10 Tips for Conducting Successful Tree Testing
Let´s imagine the following scenario:
John is an Information Architect working on a design of a website. Prior to creating a prototype, John wants to ensure that customers will be able to navigate the new site structure successfully. He also knows that it is generally much cheaper and easier to get the structure right from the beginning rather than fixing it later down the line.
How does Tree Testing help?
“Tree Testing is a methodology used to evaluate the findability of content within the information architecture.”
For a typical Tree Test participants are given a task and are asked to navigate through a tree menu structure to identify where they believe they would find an item or piece of information.
Example: You are on an office supplies website. Where would you go to find a mouse pad? Please click through the menu until you locate where you would expect to find it.
Tree Test Strengths
- Tree testing, unlike other IA methods, (card sorting for example), presents participants with realistic task scenarios.
- Tree tests allow researchers to evaluate multiple levels of information architecture in one study.
Tree Test Weaknesses
- Both a strength and a weakness, tree testing doesn’t incorporate the visual design of a website.
- Tree Tests focus only on the structure and naming of information architecture. Participants won’t be able to see visual elements that might aid or hinder navigation.
10 Tips for Conducting a Successful Tree Test
- A clear concise welcome page will increase the participation rate for a study. Include a brief description of the study content, study time, and incentive if applicable.
- Create real-world scenarios for each tree testing task. Varying the phrasing between tasks will keep your study interesting and increase participant engagement.
- We recommend recruiting 50 participants for a typical tree test study. Fifty participants will give you the flexibility to exclude participants while maintaining reliable results.
- Limit the maximum number of tree tests a participant completes to 10. Consider using a between-subjects design if you have more than 10 tree test tasks.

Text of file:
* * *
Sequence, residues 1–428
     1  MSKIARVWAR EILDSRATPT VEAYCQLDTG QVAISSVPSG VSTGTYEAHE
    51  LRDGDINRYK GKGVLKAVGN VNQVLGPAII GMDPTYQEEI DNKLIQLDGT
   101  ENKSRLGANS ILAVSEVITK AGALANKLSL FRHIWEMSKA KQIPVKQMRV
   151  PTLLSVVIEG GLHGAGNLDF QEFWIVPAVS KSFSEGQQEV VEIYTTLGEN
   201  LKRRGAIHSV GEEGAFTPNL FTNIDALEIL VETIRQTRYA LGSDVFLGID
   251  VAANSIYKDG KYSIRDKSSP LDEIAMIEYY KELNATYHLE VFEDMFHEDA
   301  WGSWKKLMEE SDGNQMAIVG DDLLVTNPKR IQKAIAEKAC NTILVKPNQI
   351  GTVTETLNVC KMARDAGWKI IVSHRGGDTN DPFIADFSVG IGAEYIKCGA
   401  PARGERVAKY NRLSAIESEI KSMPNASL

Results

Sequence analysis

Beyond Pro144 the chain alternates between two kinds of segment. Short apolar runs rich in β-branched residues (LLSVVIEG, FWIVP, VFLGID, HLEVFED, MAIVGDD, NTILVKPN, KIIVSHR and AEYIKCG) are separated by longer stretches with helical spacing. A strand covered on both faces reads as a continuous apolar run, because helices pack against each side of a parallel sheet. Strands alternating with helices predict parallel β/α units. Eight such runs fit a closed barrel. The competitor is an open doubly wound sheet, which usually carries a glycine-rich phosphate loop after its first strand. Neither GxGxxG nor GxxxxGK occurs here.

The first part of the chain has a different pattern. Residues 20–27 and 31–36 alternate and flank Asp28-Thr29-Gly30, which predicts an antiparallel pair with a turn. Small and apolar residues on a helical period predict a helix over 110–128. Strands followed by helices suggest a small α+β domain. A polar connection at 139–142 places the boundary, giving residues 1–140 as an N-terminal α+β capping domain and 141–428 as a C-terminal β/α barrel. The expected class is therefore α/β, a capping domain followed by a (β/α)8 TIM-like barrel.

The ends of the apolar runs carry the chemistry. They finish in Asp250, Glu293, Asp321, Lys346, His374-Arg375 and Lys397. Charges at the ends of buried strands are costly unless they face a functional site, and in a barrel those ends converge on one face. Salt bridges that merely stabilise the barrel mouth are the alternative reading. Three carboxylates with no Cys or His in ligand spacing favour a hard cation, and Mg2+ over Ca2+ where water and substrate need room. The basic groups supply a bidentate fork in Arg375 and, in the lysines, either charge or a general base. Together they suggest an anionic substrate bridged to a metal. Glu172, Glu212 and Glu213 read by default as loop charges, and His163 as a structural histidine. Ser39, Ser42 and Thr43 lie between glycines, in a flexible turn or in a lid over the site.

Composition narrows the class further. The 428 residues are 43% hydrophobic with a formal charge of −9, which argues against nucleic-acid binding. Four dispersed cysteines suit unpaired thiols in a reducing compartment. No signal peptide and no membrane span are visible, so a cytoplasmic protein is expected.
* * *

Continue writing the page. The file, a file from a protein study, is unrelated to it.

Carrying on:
- Keep trees under 1000 items.
- Avoid including tree labels like “search” that allow participants to get through the task without navigating through the tree.
- Avoid using the same wording in your task description and tree labels. This may cause participants to focus on similarly phrased labels in the tree.
- As part of the task instructions inform participants that they have the option to navigate back up the tree if they would like to try another path.
- For studies with multiple tree tests consider enabling randomisation to control for learning and fatigue.
- When analysing tree test results look at successful vs. failed attempts, time on task and number of attempts. Multiple attempts can indicate that content is difficult and or frustrating to find.
Example of how to set up a remote tree testing study:
Bonus Tip: Combining Card Sorting and Tree Testing.
Card Sorting and Tree Testing are two great research methods for designing and testing the navigation structure of a website.
Once you designed your site structure with card sorting, it is important to visually test it before you go build your prototype or a dynamic site.
That’s where tree testing comes in. It complements card sorting by testing the site structure created from a card sorting exercise.
Combining these two methods will ensure that your navigational structure is more spot on, and your customers will be able to accurately find items on your site.
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